City still working to help restaurants survive
(Somerville Wire) – Somerville’s dynamic restaurant industry is one of the pillars of the local economy. To keep it from collapsing during the unique challenges of the past two years, city leaders altered some licensing rules to make it a little easier for restaurateurs.
“During the pandemic, we waived all fees, because the restaurant industry was crushed,” said Joe Lynch, chairman of the Somerville Licensing Commission. That includes liquor license fees, food service fees, and outdoor dining permit fees.
The total cost to the city was $550,000 for each of the past two years, Lynch said. This year they have resumed charging some fees, “but nowhere near the full amount,” he said.
“Our restaurateurs are very appreciative of the approach that not only the Licensing Commission but the city took, in terms of waiving those fees this year. Some of them are just getting back on their feet,” said Lynch.
Another major support to the restaurant industry has been the expansion of outdoor dining. In 2020, the state Legislature voted to allow municipalities to permit dining on the public streets. This new option helped restaurants make up for the loss of indoor seating due to social distancing rules that limited the number of tables inside the establishment.
In Somerville, there were relatively few outdoor dining options before the pandemic. Sidewalk permits were sometimes granted, but most restaurants did not have enough sidewalk space to comply with safety and accessibility standards, or at most they could fit a handful of tables in front of their storefront. A few dozen restaurants owned or rented enough private space for a real outdoor patio. Most of those were at Assembly Row, a private development owned by Federal Realty Investment Trust.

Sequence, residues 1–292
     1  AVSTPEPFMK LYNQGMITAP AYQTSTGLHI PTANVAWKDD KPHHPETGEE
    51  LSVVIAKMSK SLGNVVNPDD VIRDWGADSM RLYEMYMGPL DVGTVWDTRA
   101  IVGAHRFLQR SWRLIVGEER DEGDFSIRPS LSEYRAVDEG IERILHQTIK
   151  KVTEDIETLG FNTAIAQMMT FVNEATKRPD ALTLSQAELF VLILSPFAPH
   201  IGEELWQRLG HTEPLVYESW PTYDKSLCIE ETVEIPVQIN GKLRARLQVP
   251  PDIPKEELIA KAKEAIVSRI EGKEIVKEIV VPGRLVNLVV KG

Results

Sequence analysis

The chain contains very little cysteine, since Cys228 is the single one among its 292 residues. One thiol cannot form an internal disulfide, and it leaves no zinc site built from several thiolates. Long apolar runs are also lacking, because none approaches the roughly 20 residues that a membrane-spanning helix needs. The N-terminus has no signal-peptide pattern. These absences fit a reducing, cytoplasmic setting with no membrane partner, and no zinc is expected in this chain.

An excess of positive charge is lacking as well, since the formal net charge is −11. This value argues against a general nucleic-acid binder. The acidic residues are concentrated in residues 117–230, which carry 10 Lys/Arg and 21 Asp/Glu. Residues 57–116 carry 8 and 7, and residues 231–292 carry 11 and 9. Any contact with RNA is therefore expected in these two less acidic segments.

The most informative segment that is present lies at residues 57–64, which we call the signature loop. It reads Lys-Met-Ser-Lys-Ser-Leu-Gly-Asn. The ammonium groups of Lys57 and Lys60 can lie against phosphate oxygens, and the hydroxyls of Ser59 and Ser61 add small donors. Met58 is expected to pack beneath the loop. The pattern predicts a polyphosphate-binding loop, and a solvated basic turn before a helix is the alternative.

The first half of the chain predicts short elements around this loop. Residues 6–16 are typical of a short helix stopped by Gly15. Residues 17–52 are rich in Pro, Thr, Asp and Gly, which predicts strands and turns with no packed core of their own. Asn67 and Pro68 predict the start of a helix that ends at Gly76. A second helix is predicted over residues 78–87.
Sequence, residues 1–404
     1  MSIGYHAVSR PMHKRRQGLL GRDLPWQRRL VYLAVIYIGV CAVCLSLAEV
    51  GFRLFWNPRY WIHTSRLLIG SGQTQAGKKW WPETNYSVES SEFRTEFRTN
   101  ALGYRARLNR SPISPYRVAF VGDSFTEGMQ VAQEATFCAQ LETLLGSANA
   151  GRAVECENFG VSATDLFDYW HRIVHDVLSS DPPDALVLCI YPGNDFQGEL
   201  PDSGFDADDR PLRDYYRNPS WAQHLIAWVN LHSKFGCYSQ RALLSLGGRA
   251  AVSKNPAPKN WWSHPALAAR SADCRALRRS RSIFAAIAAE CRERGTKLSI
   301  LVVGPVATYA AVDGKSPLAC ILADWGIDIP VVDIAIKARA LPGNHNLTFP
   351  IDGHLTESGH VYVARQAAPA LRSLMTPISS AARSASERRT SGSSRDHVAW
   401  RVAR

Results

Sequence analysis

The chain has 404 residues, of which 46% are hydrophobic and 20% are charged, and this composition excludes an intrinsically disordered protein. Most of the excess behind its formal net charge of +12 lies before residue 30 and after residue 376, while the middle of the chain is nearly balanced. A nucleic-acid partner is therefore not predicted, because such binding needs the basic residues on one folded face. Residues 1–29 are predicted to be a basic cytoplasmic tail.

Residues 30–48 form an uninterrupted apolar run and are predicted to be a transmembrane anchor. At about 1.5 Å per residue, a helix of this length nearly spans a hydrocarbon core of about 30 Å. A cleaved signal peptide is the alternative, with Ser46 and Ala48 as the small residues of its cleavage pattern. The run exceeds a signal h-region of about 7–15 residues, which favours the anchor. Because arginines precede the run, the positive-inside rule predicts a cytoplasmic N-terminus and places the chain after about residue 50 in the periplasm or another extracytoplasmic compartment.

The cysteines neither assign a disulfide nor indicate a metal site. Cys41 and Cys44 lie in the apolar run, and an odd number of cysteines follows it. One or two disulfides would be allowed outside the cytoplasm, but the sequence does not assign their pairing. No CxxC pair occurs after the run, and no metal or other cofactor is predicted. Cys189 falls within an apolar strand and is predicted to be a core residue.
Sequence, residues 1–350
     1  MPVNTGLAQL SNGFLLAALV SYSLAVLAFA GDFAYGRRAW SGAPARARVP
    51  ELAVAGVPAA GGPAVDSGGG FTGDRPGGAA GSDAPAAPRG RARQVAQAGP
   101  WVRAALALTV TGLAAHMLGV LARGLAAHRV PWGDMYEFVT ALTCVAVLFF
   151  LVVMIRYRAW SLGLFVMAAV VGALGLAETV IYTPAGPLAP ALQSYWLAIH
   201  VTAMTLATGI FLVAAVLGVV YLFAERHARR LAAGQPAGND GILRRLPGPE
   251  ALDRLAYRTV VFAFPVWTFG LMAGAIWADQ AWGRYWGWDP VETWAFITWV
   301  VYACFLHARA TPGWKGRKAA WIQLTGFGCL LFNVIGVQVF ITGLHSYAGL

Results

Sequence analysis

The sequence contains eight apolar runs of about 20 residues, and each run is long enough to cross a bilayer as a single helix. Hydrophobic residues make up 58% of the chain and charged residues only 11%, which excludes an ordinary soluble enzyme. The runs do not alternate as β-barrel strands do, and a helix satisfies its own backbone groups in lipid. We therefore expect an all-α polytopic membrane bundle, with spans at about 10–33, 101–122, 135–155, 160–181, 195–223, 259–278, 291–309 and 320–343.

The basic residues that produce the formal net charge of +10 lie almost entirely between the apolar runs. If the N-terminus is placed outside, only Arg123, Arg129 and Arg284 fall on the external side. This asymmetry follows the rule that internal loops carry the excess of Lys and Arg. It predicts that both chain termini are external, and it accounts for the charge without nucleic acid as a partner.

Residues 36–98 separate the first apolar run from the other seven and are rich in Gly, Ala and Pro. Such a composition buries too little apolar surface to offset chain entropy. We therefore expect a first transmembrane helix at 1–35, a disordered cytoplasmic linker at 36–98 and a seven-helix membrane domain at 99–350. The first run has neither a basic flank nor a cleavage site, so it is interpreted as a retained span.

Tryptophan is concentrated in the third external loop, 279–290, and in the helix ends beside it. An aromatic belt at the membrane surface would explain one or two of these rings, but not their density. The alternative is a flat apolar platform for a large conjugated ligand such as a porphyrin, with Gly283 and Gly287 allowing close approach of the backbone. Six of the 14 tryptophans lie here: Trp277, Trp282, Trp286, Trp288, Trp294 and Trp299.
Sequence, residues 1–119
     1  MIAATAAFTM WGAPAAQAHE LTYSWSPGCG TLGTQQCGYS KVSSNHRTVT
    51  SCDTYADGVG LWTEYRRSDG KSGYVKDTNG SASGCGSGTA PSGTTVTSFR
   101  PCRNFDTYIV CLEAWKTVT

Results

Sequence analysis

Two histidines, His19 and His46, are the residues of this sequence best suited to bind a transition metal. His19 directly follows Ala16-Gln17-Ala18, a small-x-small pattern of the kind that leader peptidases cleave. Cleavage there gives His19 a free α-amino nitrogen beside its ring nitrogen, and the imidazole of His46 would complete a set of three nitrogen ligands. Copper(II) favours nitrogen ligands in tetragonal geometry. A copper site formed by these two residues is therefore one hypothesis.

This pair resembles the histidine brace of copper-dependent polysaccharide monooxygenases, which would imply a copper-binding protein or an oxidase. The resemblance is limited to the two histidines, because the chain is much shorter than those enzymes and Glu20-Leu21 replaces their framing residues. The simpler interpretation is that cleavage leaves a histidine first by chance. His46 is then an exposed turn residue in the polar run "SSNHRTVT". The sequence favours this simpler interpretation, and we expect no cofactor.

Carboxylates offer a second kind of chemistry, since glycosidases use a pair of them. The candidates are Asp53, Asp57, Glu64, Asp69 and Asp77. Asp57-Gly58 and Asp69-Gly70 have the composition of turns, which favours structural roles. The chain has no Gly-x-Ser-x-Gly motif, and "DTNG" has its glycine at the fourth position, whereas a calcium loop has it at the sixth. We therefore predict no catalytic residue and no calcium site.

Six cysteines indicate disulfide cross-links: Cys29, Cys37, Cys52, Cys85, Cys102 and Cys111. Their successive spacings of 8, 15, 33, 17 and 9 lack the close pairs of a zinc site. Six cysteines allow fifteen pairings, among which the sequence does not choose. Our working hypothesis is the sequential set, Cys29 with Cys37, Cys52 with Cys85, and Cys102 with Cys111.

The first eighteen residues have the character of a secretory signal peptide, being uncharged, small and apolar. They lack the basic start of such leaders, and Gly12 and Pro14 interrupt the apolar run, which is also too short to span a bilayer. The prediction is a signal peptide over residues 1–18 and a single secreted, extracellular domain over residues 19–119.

The pandemic gave restaurants a new way to expand. In order to meet the significantly increased demand for outdoor dining permits, the city also changed its permitting process.
“Pre-pandemic, all outdoor seating on the public way was controlled by the City Council, so it didn’t come to the Licensing Commission,” Lynch explained. “Then when we took it on an emergency basis in 2020, I streamlined a lot of the processes. And I don’t criticize the Council, it’s just that over the years, a lot of the process was so cumbersome and clunky, that we streamlined the whole process during 2020 and 2021, and it works much more efficiently.”
The City Council voted in early 2021 to permanently cede their authority to the Licensing Commission. “It used to be two different government agencies that you had to go through to get anything, and now it’s one-stop shopping,” Lynch said.
While restaurant owners only need to talk to one agency, the Licensing Commission consults with the Fire Department, Inspectional Services, Engineering, the Health Department, Public Works, and Traffic and Parking to make sure outdoor dining is safe and doesn’t interfere with other systems and services. “Construction takes precedence—keeping the roads safe, keeping the gas mains safe—over the outdoor dining on the public way,” Lynch said.